If you want to build your own social networking community website, Drupal is a solid platform to do this type of launch with. Drupal is a content management system (CMS), and is similar to CMS platforms such as Joomla/Mambo, PHP-Nuke, Post-Nuke, Xoops, Plone, and to some extent WordPress (which has grown beyond it’s blogging-platform roots into one of the most popular CMS’s around, and is running this site).
After some research and experimentation, the choice to use Drupal for a medium-size website community was made based on favorable results in the following key areas:
- support/growth/stability – Drupal is a popular and well-supported product with a passionate community of active development, and also has been integrated into the KickApps social media platform.
- SEO (search engine optimization) – the software has had solid support for urls that search engines love
- themes – while currently perhaps not as extendable and tricked-out as Joomla, the Drupal themes that are available are numerous, and suit the purpose of social networking websites
- multiple ways to structure pages, allowing for monetization via text ads, banners, and widgets/gadgets
- reputation – Over 2000 websites, including community and international organizations, politicians, and some media sites, are relying on the CMS platform, and it has been recognized by an award or two.
- Modules aplenty – there are new modules each day being released (or updated), and this month a package of modules called Drigg was released to allow similar functionality to Digg.
- cost – free, and getting cheaper!
The steps that would be taken for developing a SNS would include:
- Setting up both a test domain and the real (production) domain, and installing drupal
- Configuring the website to have the functions desired, while also thinking about:
- Types of users (free/paid, regular/moderators/super-moderators) – the platform offers powerful access control to create roles and specify what each role will be able to do – and not do – within the features that are enabled.
- Features to launch with, and features to roll out later. This would be either due to features that would not work at launch, or features that work at launch but are strategically rolled out in phases to allow for more publicity and announcements.
- Looking at features coming up in upcoming releases of the software (as of this writing, Drupal version 6 is available in near-final form, and includes in the core package some features that currently are add-on modules).
- Finding or designing a theme that allows the vision for the site to be implemented.
- Having some test members sign up (on either the test or real site) and work out the issues, and finalize the terms and conditions for members.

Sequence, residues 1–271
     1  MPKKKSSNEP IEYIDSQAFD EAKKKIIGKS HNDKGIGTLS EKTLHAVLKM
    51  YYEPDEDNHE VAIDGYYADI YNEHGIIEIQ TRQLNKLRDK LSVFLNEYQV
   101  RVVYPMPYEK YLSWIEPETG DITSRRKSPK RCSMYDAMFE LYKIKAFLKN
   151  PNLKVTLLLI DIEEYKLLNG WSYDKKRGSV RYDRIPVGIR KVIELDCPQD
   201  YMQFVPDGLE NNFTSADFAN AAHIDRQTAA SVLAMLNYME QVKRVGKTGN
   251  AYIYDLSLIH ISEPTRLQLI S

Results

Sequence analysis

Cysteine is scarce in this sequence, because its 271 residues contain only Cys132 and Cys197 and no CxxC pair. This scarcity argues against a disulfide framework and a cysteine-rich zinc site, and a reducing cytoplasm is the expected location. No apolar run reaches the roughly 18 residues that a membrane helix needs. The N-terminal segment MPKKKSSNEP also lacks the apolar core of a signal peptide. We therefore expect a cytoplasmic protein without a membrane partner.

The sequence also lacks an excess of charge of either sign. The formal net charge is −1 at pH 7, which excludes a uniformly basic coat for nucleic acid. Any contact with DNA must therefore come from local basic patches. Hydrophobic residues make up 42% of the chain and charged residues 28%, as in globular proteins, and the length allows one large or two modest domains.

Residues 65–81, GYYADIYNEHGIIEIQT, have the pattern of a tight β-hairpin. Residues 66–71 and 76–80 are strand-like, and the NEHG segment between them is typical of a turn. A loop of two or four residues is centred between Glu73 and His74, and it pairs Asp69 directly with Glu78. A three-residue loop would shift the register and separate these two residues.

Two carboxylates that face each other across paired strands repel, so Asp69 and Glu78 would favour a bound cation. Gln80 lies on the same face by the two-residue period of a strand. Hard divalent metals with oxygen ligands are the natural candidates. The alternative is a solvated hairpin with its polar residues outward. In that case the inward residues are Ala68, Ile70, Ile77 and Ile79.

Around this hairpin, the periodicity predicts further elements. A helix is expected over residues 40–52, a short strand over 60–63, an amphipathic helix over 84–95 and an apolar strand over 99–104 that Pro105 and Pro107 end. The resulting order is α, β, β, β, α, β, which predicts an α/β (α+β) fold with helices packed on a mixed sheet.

- Set a launch date in the future, and work out a plan to get momentum for that date.Â An alternate strategy is to simply soft-launch when everything is working.
- Pre- or post-launch, set up profiles on the major social networking and bookmarking websites, with information and links to your site.Â Also set up an external blog (either your own domain or using a free site such as Blogger.com or Wordpress.com), and publish informative articles and blog posts.
- Market your website using traditional PR methods, and new social media methods.Â Find out where the people are who would be looking for the community you are building, and engage in conversations with them.
- Determine how you will stay up to date with the latest modules and Drupal core updates.Â Having a test domain may come in handy to try out new features and upgrades.
- Continue to listen to the community on your website, including via polls and surveys, as to what they like and don’t like.Â Be prepared to adjust your website as the community grows and becomes better-defined.
Here are some key links to continue your info-gathering on Drupal:
- The Drupal page on Social Networking Sites
- Some other ideas for Drupal modules to include for your SNS
- Netsquared article – Drupal for Nonprofits, or, How to Build Social Networks for Change, which includes a section titled “When to Use Drupal â€” and When Not to Use it”.
- The folks at Lullabot have information and also a podcast that heavily features Drupal tips and techniques (current Drupal-based site operators might want to listen to #46 “New Features in Drupal 6“)
- An article – “How to Set-Up An Interactive Social Network Site That Draws Hundreds Of Daily Unique Visitors“
Post your comments with any additional information on Drupal, or on building SNS’s and growing them.
- January 14th